Jackson, with another memorable call, said, “This is a 21-yard try — no it’s not, either! It’s touchdown, Florida State, William Floyd takes it in! Pretty cute, huh?”
‘I ran through people’
Florida State maintained its lead the rest of the way, although Michigan remained at arm’s length for much of the afternoon.
The Seminoles scored by more conventional means for the remainder of the first half, riding two Amp Lee touchdowns to a 31-23 halftime lead.
And they extended their advantage to 37-23 thanks to the second of three touchdown passes on the day from Weldon.
Michigan’s best chance to give the Seminoles a scare came early in the fourth quarter when, still trailing by 15, Howard returned a punt 40 yards to the FSU 20-yard line.
But with a chance to cut FSU’s lead to single digits and bring its crowd back to life, Michigan was stuffed on fourth-and-1 thanks to Jones, who leapt over the line of scrimmage and delivered a crushing blow to Michigan fullback Burnie Legette. The hit knocked Legette off-balance long enough for a host of Seminoles to finish the tackle, and FSU took over on downs.
“I just thought I was going to run through there and keep running all the way to the end,” Jones said. “That’s one thing I prided myself on – I ran through people.”
Despite giving up size to Michigan’s offensive line, FSU’s defense on that day allowed just 120 rushing yards on 44 attempts – good for a paltry 2.7 yards per carry.
And Mickey Andrews’ group scored an exclamation point when defensive end Toddrick McIntosh picked off a fourth-quarter pass and returned it 49 yards for FSU’s second defensive touchdown of the game.
That touchdown gave FSU 51 points, at the time the most ever by an opponent in Michigan Stadium.
“We were just so confident,” Jones said. “If you look at the players we had on that team, I mean, realistically, when it came to the linebacker corps, who was better than us? When you looked at cornerbacks and Terrell Buckley, how many people could compete with that guy? Or Corey Sawyer, Clifton Abraham? Defensive line-wise, come on, now.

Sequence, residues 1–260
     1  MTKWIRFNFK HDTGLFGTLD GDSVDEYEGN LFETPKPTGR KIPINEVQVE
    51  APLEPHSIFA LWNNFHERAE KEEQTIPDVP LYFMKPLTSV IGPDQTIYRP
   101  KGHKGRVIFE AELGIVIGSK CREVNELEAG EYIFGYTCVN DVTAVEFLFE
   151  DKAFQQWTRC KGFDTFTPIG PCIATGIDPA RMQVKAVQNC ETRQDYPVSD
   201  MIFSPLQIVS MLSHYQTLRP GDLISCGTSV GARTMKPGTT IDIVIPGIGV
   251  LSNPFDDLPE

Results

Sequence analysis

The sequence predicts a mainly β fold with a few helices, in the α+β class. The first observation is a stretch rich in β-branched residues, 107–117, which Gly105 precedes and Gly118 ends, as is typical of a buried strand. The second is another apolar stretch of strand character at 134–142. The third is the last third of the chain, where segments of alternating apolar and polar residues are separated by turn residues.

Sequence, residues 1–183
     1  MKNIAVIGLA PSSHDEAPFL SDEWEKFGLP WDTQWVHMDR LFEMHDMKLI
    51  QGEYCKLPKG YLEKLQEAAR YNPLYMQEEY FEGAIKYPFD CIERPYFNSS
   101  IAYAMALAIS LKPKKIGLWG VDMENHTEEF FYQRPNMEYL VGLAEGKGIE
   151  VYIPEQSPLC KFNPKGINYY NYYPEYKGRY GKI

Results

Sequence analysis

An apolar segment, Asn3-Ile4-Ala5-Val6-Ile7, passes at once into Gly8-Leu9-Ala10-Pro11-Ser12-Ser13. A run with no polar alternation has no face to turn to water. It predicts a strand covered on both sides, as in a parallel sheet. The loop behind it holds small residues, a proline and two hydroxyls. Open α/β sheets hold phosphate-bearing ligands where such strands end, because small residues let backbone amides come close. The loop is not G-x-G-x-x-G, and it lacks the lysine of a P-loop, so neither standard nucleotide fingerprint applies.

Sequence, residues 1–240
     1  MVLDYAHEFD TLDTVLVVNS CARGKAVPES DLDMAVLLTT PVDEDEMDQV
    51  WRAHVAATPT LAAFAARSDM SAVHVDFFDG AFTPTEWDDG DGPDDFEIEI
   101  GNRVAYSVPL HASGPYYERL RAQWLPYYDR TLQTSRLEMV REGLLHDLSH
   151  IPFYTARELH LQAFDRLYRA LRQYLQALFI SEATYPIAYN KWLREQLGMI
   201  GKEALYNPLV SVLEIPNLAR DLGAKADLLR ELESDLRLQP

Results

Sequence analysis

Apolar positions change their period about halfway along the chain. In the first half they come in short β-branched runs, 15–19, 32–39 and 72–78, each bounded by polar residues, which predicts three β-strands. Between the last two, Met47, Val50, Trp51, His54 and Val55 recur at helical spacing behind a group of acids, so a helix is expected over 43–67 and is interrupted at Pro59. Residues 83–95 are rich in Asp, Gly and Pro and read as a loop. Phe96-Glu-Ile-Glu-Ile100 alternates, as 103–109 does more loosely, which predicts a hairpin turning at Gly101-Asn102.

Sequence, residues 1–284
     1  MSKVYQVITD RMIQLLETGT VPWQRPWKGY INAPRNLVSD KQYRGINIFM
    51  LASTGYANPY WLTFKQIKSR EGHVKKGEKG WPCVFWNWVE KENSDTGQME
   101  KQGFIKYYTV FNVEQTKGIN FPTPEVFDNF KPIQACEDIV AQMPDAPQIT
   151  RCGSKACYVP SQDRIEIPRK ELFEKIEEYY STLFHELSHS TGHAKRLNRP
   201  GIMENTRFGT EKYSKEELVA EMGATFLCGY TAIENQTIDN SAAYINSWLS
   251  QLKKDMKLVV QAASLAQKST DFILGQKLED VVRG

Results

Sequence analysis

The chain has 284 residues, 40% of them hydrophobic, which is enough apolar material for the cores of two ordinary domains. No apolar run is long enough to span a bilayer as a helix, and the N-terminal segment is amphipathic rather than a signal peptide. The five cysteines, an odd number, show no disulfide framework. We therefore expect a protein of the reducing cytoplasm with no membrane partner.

“It was kind of ludicrous.”
A pre-game underdog despite their No. 1 national ranking, the Seminoles couldn’t leave Ann Arbor without a piece of sod from The Big House which, ironically, had just converted from artificial turf to natural grass for the 1991 season.
Florida State’s Sod Cemetery tradition dates back to 1962 and, by 1991, had acquired sod from stadiums at Georgia, Nebraska, Notre Dame and Ohio State, among others.
But in the wake of FSU’s win over Michigan, Bowden admitted that earning a headstone from Michigan carried some extra significance.
“I could think of five schools in the nation where I’d say, ‘If I could get some turf there, I could never top this,’” Bowden said after the game. “Michigan is one of those.”
That group of Seminoles was used to winning, but it didn’t take long for them to realize that this one was different.
They arrived at the airport later that night to find a mob of fans – Jones estimates around 15,000 – waiting to welcome them home.
And rather then head straight for the busses and back to their dorms, Bowden led the Seminoles through the airport concourse, where fans had formed a tunnel from the gate to the parking lot.
“I can tell you what – after kicking Michigan’s (rear-end), I had never seen Tallahassee in the mode it was in that night,” Jones said. “I had never experienced it.”
Added Weldon, “It was as close to a rock star and a red carpet that I’ve ever been on. … It was just priceless.”
Florida State held on to its No. 1 ranking for the next six weeks. But after earning one of the most famous wins in school history, the 1991 Seminoles also suffered one of the program’s most infamous defeats.
That, of course, was the Miami game, which FSU lost 17-16 after Gerry Thomas’ 34-yard field goal attempt sailed wide right as time expired.
The loss cost the 1991 Seminoles their shot at a national title, although several members of that group were upperclassmen when the 1993 Seminoles finally reached the top of the mountain.
Those who were in Ann Arbor in 1991 said that winning at Michigan helped pave the way for that title, as well as the run of dominance that ensued throughout the rest of the 1990s.
“The tradition we were starting to build – it was just getting started, really,” Weldon said. “We were building what the players now have. That was just the beginning of it.”